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NetOne board says ‘transforming’, more heads could roll after forensic audit  
21/03/2016 00:00:00
by The Citizen
NetOne used 35 bank accounts to hid fraud

HARARE: The board of Zimbabwe’s second largest mobile operator, NetOne,  on Monday said it is implementing strategies aimed at transforming the state-owned telco from being perennially dependent on shareholder injections into a ‘major contributor’ to government coffers.

The board has ordered a forensic audit of the company’s systems to plug loopholes that could have seen the company being prejudiced of millions of dollars in shady dealings by management.

Part of the transformation, board chairman Alex Marufu said, includes the three-month suspension of chief executive Reward Kangai and possible sanctioning of a few other individuals in the near future.

Kangai was sent on forced leave following revelations that the state owned telco lost millions through irregular procurement deals.

Marufu told journalists the ‘transformation’ exercise had been resisted by the firm’s management, stressing the board had full support of its shareholder — government — through the Ministry of information Communication Technology, Postal and Courier Services.

“Through the efforts of the board, the business is starting to look healthy, profits are starting to look better, revenue is going up and subscriber numbers are going up,” he said.

With NetOne having been the first mobile telco to be registered over two decades ago, it should have grown to become a “significant” player in the sector like other owned telcos, Marufu said.

According to the Postal and Telecommunications Regulatory Authority, NetOne’s active subscriber base jumped 8.8 percent in the fourth quarter last year to 4,134 million while Econet was at 6,7 million.

The forensic audit being spearheaded by the Comptroller and Auditor General, Marufu said, is expected to take at least two months.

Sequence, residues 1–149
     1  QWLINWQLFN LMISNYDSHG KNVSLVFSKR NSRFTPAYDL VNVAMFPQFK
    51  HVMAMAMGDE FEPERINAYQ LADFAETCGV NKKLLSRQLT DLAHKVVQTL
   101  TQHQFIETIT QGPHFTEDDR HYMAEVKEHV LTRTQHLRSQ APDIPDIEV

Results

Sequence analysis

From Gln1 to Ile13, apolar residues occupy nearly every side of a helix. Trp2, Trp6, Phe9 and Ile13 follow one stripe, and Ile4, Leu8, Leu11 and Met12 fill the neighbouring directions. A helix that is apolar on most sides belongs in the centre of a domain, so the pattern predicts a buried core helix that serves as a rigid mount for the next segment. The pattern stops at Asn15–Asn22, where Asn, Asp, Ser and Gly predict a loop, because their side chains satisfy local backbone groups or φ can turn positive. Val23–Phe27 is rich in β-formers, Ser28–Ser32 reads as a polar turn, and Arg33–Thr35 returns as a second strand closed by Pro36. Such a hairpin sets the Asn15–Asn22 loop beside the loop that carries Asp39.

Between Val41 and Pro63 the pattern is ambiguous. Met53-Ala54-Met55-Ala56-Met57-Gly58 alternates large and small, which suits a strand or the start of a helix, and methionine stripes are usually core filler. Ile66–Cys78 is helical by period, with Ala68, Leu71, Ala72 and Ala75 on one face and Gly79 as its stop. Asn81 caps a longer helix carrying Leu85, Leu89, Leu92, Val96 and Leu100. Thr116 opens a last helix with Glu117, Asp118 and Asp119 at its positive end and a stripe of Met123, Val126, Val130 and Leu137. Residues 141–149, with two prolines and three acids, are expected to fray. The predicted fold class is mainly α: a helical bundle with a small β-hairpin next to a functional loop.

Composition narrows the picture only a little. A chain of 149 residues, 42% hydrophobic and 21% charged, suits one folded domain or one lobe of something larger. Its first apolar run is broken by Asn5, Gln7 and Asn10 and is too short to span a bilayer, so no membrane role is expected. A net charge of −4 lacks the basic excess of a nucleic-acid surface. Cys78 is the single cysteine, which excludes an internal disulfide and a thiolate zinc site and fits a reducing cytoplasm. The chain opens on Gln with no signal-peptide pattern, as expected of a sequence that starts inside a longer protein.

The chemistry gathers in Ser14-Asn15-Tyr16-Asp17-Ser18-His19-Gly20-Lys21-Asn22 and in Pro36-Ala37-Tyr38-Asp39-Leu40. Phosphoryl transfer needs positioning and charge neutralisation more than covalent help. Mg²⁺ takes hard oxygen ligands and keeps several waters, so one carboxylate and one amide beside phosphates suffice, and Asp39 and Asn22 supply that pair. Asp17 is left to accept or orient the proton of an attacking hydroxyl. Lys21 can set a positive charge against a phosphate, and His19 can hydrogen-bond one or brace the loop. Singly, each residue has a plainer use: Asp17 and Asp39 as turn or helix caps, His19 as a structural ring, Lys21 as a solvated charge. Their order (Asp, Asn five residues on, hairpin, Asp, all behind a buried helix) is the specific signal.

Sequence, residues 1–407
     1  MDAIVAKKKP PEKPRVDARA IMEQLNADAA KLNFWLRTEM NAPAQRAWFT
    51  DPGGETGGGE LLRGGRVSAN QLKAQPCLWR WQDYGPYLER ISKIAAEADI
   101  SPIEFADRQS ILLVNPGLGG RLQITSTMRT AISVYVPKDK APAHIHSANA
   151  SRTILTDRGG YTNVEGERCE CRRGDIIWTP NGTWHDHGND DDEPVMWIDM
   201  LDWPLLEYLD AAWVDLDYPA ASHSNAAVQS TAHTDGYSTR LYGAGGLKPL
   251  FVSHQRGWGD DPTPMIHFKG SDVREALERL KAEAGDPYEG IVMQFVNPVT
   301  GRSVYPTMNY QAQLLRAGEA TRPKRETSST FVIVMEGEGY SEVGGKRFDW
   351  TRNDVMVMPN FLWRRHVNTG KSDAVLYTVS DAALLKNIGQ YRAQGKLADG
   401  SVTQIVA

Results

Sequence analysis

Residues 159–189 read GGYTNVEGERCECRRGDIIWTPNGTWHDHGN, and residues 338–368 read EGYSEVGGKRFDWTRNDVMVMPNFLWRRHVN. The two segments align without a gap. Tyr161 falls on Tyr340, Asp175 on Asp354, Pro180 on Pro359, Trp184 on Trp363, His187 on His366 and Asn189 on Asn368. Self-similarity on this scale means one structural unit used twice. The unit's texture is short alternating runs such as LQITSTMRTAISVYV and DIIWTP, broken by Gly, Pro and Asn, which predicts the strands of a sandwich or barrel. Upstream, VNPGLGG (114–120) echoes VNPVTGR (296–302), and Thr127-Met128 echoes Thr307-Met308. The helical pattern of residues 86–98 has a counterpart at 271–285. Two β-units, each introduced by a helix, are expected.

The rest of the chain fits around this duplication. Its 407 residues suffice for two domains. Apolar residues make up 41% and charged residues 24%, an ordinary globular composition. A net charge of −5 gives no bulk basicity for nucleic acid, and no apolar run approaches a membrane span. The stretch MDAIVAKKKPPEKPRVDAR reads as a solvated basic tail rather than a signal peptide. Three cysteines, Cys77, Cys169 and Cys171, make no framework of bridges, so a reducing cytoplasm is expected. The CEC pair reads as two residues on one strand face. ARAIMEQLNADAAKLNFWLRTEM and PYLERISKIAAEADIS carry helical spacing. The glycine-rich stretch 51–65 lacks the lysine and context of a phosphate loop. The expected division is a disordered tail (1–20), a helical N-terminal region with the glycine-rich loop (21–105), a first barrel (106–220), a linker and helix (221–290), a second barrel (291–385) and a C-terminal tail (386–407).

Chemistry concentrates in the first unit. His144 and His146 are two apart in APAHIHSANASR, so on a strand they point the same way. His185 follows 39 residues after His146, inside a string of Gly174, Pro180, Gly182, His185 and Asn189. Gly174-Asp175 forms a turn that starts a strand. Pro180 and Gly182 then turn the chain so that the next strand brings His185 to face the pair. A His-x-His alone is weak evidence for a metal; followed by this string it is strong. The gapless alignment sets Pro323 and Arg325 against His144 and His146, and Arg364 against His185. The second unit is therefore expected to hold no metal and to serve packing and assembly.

Among the issues to be thoroughly looked at, Marufu said, include internal control systems around procurement procedures, integrity of the payment systems, debt collection, airtime distribution and payment of salaries and allowances.

“This is not a personal witch hunt,” Marufu said. “This is a legitimate action by the board to ensure public funds are used properly.”

Marufu said NetOne debtors’ book amounted to $46 million of which about $11 million was owed by Firstel, a company linked to the firm’s management.

It had also been alleged there were several bank accounts which were being run by management without the knowledge of the finance department, he said.


“We are not going to cover up any criminal activity that someone might have undertaken,” Net One board chair said, adding some of the loopholes had gone one for a long time as the company’s finance department ‘was weak.’

As part of the restructuring, a new finance team headed by Sibusisiwe Ndlovu had been appointed, which led to the discoveries of procurement deals that were not procedural.

He said some deal which had been signed with a number of local and international suppliers would also be scrutinised as the board was ‘uncomfortable’ with some of them.

In the meantime, Marufu said the firm had drawn down about 75 percent of its $218 million Chinese loan which has been invested in network expansion.

He assured stakeholders the facility had not been abused.

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